BalletX at Jacob’s Pillow offers an unusual story ballet
Dance Review by Larry Murray
As the audience takes its seats, a score of dancers are onstage, warming up and improvising some of the complex moves we are about to see. It’s the perfect appetizer that whets the appetite for more.
Most story ballets feature nymphs, poultry and sugar plum damsels, but choreographer Matthew Neenan’s long-form narrative ballet turns the usual fairy tale white ballets on their heads. Featured in a full length program at Jacob’s Pillow Dance Festival, his Sunset, o639 Hours was created and set on his Philadelphia-based BalletX company and it is certainly a tale drawn from the twentieth century, not the nineteenth.
Sunset, o639 is an audacious work on so many levels. In the phantasmagorical performance that was performed in the Ted Shawn Theatre, the dancers were morphed from people into propellers, pistons and planes that scudded close to the floor of the stage, or soared skyward as the transpacific flights of the doomed pilot and crew were retold in movement. Looking carefully, one could see many traditional balletic combinations, but they were stitched onto totally new material that few have ever seen before. All this creativity is in the service of the story of the daring young men taking their flying machines across 5,000 miles of open water. The flight of Captain Edwin Musick ended badly, of course, and Neenan’s ballet captures the tragedy along with the moments of glory.
What makes this ballet work so well – beyond the intricate and innovative dancing – is the daring of some of the conceptions. Can you imagine the rapid movements of dancers en pointe suggesting a well oiled engine being revved for takeoff? Or using their arms as propellers? Or interconnected and writhing on the floor to emulate well oiled gears?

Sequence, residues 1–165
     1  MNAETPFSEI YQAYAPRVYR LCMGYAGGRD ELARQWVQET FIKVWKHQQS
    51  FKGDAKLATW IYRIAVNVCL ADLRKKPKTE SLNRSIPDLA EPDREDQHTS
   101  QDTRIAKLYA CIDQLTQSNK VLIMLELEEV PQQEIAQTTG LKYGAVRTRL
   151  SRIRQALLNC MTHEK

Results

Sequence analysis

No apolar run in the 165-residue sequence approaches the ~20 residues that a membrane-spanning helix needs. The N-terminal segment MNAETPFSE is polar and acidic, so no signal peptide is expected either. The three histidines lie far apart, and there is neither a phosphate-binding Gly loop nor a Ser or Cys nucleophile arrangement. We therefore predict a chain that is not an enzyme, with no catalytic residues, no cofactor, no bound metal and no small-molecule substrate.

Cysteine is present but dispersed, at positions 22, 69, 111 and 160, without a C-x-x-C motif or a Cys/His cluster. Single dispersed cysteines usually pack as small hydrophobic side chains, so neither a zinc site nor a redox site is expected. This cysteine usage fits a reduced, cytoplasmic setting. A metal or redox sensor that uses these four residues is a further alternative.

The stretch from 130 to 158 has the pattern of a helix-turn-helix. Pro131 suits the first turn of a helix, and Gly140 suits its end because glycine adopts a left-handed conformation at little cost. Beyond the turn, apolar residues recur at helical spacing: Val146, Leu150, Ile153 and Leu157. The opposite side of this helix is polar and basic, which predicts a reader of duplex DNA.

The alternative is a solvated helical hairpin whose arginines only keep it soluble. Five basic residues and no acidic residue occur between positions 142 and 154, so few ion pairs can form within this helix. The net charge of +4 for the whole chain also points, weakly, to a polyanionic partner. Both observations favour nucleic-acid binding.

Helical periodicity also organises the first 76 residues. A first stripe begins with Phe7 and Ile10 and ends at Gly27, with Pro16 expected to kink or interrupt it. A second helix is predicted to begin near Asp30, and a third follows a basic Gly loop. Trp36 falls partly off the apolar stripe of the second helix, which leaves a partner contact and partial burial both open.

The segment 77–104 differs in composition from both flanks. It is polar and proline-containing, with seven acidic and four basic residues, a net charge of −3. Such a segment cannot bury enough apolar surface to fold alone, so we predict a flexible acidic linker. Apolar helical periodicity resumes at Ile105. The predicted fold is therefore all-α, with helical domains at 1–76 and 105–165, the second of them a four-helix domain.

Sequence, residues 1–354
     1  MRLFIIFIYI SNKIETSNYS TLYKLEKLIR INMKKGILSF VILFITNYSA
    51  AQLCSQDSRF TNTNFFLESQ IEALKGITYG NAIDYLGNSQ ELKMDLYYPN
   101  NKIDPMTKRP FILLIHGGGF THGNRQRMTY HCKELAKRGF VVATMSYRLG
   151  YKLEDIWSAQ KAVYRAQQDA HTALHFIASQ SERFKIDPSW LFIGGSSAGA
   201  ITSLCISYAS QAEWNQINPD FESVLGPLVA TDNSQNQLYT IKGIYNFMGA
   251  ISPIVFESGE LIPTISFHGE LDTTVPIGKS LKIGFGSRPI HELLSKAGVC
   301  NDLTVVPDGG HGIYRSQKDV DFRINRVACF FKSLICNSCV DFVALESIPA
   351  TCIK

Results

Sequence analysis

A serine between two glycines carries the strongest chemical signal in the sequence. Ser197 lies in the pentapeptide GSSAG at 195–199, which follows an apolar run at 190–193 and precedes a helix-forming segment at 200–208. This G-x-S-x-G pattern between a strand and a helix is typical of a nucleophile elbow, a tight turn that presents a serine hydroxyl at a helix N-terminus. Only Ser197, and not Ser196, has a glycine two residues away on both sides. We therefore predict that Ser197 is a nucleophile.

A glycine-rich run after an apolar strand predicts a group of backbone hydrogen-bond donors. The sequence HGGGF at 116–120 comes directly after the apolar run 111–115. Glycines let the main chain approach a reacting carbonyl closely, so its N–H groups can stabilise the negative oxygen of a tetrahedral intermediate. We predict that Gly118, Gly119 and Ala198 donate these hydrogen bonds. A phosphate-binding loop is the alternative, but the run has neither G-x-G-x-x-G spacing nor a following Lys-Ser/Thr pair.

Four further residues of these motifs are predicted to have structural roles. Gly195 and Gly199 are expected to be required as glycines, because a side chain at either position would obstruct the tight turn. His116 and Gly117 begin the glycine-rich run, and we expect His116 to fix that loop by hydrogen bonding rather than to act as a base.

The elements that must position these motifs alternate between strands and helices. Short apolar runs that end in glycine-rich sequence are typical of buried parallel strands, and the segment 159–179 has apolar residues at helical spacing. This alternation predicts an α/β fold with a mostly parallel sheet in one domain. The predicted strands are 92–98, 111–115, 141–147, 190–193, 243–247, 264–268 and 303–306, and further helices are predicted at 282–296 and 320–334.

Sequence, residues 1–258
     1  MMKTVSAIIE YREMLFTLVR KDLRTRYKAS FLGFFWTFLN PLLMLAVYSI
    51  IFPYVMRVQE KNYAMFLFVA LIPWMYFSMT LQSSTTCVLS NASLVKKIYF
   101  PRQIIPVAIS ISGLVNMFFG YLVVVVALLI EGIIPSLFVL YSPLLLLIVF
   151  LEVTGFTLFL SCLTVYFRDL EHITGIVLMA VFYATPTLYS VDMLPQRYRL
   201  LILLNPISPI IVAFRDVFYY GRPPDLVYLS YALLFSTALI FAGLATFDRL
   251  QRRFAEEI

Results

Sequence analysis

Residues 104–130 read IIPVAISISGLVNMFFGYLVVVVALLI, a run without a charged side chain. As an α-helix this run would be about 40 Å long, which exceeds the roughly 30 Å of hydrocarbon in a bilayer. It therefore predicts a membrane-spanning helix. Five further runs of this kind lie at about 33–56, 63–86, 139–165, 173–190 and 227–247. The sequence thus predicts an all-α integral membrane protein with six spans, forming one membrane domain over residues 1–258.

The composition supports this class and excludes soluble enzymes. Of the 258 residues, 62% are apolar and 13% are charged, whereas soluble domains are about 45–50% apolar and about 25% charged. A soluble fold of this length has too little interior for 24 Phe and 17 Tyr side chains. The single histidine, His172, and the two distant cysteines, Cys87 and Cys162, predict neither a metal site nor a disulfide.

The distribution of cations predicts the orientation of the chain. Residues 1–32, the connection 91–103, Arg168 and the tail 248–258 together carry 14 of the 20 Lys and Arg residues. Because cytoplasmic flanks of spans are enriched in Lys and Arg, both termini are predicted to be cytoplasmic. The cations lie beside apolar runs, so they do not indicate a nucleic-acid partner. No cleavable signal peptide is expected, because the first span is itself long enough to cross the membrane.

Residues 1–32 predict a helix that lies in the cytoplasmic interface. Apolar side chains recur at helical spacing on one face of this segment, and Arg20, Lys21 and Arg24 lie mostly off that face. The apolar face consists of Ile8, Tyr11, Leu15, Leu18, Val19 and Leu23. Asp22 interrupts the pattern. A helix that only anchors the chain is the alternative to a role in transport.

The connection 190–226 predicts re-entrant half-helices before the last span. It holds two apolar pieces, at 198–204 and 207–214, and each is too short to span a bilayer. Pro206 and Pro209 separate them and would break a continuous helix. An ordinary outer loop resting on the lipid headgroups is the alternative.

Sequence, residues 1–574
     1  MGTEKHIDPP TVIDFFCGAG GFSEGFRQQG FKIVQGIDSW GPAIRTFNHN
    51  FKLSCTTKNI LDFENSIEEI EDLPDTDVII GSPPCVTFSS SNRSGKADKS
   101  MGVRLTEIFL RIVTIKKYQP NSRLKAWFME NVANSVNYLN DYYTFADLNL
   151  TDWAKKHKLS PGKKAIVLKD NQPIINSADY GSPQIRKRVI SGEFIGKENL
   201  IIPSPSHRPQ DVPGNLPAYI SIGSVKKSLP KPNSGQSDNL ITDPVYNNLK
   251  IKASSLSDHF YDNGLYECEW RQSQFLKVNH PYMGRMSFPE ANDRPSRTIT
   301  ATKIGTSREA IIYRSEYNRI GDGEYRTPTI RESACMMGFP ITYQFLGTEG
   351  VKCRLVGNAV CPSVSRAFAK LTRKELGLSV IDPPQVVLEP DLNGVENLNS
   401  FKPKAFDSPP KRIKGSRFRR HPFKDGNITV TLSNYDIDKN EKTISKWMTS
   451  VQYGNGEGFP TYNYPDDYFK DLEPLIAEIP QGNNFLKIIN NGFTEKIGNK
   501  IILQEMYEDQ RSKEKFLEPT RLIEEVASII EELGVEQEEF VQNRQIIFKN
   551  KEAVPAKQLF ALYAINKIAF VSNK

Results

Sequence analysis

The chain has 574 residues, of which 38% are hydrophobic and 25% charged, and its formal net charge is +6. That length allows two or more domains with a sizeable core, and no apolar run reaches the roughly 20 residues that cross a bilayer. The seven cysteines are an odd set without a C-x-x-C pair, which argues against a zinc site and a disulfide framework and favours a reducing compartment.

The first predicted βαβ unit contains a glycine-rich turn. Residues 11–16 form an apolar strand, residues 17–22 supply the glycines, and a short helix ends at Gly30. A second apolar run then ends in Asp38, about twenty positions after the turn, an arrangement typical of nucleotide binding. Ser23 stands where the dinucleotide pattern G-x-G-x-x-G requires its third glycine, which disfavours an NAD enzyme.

If the dancing was amazing, the blending of original music to bring the whole story to life is this dance’s crowning glory. The dance and the music are their own partners and they fit perfectly together. The choreographer has a long history of working with New Zealand composer-musician Rosie Langabeer. She and her quartet of musicians all play various instruments, including some that make the oddest sounds. At times they are on the sidelines, and at others they are integrated into the dance itself generating a multi-layered performance that seems half dream, half reality. We find ourselves in the middle of a nightclub on New Year’s Eve with a smoky chanteuse crooning a tune and shortly after we are in the middle of a Hawaiian luau, or a native Samoan ceremony. The integration of all the elements is magical, and while the story is not linear, the effect is one of drifting into and out of images and scenes. In fact the program describes the story not in plot lines, but rather in fifteen short scene descriptions such as “The Captain Yearns for His Wife,” and “Dec. 31, 1937: New Year’s Eve.”
The ensemble worked seamlessly together, with unforgettable moments, For example, the pas de deux by Chloe Felesina and Zachary Kapeluck in the second half was heartbreakingly beautiful, and certainly the highlight of the evening.
Overall, Sunset o639 made this trip to Jacob’s Pillow one of the most memorable of the summer.
BalletX performing Sunset 0639 at Jacob’s Pillow Dance Festival, Ted Shawn Theatre, 358 George Carter Road, Becket, MA. July 20-24, 2016.